Explores the “torture” of mannered behavior and the prevalence of etiquette as a theme in classical and contemporary Hollywood and European cinema.
"Etiquette," as noted toastmaster Herbert V. Prochnow once pointed out, "is knowing how to yawn with your mouth closed"—that is, to spare the feelings of the other person, one must stifle one's own. To be polite, therefore, is to perform. Onscreen, closeups often reveal the effort that goes into maintaining that performance: with a fleeting frown or a slight scowl, an actor reveals the "torture" of mannered behavior. In Torturous Etiquettes, Daniel Varndell examines such gestures to reveal the difficulties of the social encounter. Drawing on the history of etiquette, the book deconstructs an array of examples from classical and contemporary Hollywood and European cinema, taking a close look at onscreen representations of rudeness, ridiculing, racist and sexist etiquettes, hospitality, table manners, and more. In doing so, it reveals etiquette to be a persistent theme in cinema and questions the role it plays in either upholding or denying the basic humanity of others.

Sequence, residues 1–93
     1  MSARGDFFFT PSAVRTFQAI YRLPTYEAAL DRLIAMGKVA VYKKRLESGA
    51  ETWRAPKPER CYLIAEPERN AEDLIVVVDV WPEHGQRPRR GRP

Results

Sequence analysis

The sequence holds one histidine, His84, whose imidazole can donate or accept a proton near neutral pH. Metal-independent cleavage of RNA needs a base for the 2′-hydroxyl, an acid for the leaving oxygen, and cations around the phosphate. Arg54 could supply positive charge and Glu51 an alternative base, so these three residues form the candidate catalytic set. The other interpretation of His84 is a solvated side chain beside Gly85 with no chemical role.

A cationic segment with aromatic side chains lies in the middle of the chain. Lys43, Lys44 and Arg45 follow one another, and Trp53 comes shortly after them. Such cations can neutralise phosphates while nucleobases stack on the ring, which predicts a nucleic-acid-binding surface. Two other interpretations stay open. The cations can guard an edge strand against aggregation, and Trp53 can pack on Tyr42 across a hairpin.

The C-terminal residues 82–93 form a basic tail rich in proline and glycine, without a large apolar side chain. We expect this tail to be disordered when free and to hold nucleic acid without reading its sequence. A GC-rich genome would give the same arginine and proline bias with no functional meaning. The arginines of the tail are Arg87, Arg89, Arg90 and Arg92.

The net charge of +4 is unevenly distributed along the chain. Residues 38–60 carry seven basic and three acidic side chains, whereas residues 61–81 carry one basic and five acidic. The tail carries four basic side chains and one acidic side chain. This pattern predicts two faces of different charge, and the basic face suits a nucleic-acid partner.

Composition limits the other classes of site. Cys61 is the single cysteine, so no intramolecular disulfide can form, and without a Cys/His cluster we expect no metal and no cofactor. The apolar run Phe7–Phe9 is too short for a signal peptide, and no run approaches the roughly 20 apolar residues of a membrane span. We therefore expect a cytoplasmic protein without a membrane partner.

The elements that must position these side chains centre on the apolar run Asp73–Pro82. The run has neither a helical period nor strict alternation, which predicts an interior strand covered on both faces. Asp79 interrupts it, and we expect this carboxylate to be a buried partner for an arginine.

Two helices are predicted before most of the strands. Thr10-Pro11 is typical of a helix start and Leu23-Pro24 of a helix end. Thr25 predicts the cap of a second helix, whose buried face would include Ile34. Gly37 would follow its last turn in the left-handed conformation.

Daniel Varndell is Senior Lecturer in English Literature at the University of Winchester in England. He is the author of Hollywood Remakes, Deleuze, and the Grandfather Paradox.
"This is a highly original contribution to the field of film studies. Through the accumulation of brilliant examples, Varndell makes the case that movies are compulsively drawn to etiquette as a theme, either through their observation of the minutiae of social behavior or through the ways in which they dramatize its rules and violations." — Alex Clayton, University of Bristol